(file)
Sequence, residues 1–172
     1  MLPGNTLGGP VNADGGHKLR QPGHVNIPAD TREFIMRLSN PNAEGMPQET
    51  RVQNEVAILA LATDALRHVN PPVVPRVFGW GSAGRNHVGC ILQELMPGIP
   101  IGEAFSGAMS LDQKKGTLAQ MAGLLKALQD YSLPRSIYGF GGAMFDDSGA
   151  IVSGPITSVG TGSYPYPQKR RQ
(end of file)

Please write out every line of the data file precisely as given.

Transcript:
Sequence, residues 1–172
     1  MLPGNTLGGP VNADGGHKLR QPGHVNIPAD TREFIMRLSN PNAEGMPQET
    51  RVQNEVAILA LATDALRHVN PPVVPRVFGW GSAGRNHVGC ILQELMPGIP
   101  IGEAFSGAMS LDQKKGTLAQ MAGLLKALQD YSLPRSIYGF GGAMFDDSGA
   151  IVSGPITSVG TGSYPYPQKR RQ